The farmyard at Mount Saint Jean as it is today
Here the surgeons had to deal with a range of injuries. The Scottish surgeon, Charles Bell, who was operating on French soldiers in the Gendarmerie Hospital, made detailed watercolour paintings of the sort of things treated at Waterloo.
Sabre wound to head. (Wellcome Library) Grapeshot wound to the neck (Wellcome Library)
Most wounds were caused by gunshot and the main concern of the surgeons was to remove the ball and ensure that the wound was left clean. Usually the ball would have carried fragments of clothing into the wound and these had to be carefully removed one by one with forceps. Remember that this would have been done while the patient was fully conscious.
A major cause of death was infection. Gangrene was a particular problem. Without antibiotics the only way to treat wounds that were liable to turn gangrenous was by amputation. Arms and legs were cut off with gay abandon. There was a pile of detached limbs in the courtyard shown in the photograph above.
I observed with some warmth of national feeling, several highlanders’ legs, still wearing the emblem of their country; Auld Scotia’s tartan hoe! As also the legs of dragoons in boots and spurs and many others which still wore a part of the garment in which they had proudly paced the causeways of their native land.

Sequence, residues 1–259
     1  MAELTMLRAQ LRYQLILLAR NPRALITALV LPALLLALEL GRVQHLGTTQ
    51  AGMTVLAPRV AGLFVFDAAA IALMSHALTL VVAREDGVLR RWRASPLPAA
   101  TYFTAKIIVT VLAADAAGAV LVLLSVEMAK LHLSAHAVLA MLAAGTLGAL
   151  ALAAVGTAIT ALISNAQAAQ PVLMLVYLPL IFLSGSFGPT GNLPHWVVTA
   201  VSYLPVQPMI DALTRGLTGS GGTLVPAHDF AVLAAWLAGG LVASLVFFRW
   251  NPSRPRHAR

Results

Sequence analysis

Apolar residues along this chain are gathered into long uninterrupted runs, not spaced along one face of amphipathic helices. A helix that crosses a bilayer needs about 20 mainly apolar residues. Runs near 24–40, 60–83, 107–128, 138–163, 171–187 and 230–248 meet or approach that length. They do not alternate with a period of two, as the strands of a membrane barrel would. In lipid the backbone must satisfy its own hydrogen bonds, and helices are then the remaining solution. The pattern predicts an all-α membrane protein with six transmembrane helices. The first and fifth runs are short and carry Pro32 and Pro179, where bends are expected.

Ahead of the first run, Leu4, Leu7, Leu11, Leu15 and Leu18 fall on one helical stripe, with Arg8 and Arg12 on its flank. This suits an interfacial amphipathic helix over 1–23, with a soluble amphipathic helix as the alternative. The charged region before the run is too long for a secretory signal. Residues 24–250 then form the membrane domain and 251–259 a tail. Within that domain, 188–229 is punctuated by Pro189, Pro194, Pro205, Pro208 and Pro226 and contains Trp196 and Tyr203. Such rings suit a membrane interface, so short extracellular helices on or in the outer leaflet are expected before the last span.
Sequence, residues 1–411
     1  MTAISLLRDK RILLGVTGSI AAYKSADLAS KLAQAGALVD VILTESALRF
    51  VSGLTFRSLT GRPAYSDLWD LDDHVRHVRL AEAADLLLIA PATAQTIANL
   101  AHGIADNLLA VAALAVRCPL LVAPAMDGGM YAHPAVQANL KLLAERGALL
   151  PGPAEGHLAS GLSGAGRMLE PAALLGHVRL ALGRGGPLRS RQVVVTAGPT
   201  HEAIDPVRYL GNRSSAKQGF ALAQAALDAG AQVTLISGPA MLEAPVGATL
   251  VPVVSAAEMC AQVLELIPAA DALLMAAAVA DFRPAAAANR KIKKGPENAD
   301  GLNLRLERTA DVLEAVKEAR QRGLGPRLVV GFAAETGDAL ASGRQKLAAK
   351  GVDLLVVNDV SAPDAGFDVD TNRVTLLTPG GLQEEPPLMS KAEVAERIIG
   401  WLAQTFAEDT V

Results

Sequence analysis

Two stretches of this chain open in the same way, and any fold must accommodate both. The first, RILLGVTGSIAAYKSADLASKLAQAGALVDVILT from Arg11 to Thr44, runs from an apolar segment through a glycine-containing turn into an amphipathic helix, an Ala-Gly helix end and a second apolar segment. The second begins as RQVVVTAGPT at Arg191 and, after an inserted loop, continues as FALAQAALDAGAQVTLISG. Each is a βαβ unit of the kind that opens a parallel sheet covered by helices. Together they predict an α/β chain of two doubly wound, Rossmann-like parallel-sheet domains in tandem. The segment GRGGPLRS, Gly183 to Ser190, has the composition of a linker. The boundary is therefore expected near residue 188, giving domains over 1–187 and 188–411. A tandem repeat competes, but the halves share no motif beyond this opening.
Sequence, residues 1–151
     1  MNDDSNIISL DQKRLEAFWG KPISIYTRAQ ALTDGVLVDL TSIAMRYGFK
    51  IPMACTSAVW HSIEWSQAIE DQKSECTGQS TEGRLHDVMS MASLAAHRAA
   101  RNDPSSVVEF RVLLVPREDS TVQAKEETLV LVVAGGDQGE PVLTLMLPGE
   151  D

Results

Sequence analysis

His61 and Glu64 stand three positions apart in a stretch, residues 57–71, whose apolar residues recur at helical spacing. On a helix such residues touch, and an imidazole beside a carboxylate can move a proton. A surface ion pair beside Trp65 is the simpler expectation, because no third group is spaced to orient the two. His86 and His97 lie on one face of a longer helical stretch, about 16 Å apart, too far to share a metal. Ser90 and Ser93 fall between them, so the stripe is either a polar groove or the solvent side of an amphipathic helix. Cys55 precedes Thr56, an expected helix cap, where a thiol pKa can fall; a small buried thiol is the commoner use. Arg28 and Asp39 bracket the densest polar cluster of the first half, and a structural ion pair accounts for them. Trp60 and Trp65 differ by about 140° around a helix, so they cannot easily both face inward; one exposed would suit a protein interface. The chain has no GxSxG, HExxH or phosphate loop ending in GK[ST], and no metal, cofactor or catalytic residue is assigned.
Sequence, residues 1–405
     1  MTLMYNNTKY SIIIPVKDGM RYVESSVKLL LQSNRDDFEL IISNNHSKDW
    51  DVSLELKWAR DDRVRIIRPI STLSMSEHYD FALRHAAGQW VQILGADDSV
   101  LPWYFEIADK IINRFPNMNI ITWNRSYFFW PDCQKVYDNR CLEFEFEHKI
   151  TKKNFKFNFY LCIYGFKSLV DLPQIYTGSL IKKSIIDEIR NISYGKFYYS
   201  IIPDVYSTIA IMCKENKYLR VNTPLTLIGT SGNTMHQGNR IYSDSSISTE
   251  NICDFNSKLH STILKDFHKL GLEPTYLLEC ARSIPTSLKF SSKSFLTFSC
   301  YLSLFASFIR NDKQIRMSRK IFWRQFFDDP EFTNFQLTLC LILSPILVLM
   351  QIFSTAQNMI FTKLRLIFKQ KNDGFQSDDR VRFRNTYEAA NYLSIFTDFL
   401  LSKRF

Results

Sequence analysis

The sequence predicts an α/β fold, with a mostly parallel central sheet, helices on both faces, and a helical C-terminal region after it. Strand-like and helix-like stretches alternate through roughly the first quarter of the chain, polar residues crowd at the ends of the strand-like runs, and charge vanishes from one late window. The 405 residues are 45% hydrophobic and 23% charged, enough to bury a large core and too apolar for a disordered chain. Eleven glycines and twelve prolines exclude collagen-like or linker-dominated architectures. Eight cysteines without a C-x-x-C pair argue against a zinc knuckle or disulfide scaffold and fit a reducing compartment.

The secret of a successful amputation was that it should be done very fast. A sharp bone saw was crucial to a surgeon’s success rate. The photograph below shows the saw that was used to remove the leg of the Earl of Uxbridge, who had been hit by a cannon-ball while sitting on his horse alongside Wellington.
Bone saw displayed at National Army Museum
Surgeons had to work quickly so that their patients did not die of shock as they went through the amputations unanaesthetised. But there was another reason for speed as well. There were only 270 surgeons available to treat the wounded, and with tens of thousands of men requiring attention they had no time to spend on any but the most basic of procedures.
As the wounded were moved from the battlefield, so Brussels filled with makeshift hospitals. Soldiers who were less badly injured were cared for in the parks, because all the buildings were full, with contemporary accounts claiming that every private house had three or four wounded soldiers in it.  Modern authors estimate that around 62,000 Allied and French wounded flooded into Brussels, Antwerp, and other towns and cities of the Kingdom of the Netherlands.  The scale of the horror was such that a British tourist (himself an ex-Army man) wrote ten days after the battle:
You may form a guess of the slaughter and of the misery that the wounded must have suffered and of the many that must have perished from hunger and thirst, when I tell you that all the carriages from Bruxelles, even elegant private equipages, landaulets, barouches and berlines, have been put in requisition to remove the wounded men from the field of battle to the hospitals, and that they are yet far from being all brought in. 
- Quoted by Gleig in his Story of the battle of Waterloo p253
- Augustus Fraser: Letters of Colonel Sir Augustus Simon Frazer, K.C.B. commanding the Royal horse artillery in the army under Wellington, Written during the peninsular and Waterloo campaigns
- Recollections of Waterloo by a Staff Officer United Service Magazine 1847 PartIII p355
- Sgt William Clark, whose writings have recently been published as A Scots Grey at Waterloo edited by Gareth Glover
- After Waterloo – Reminiscences of European Travel 1815-1819 by W E Frye
- See, for example, Michael Crumplin and Gareth Glover (2018) Waterloo – after the glory
- Frye ibid
To be continued …
There is more about the aftermath of the battle in next week’s blog.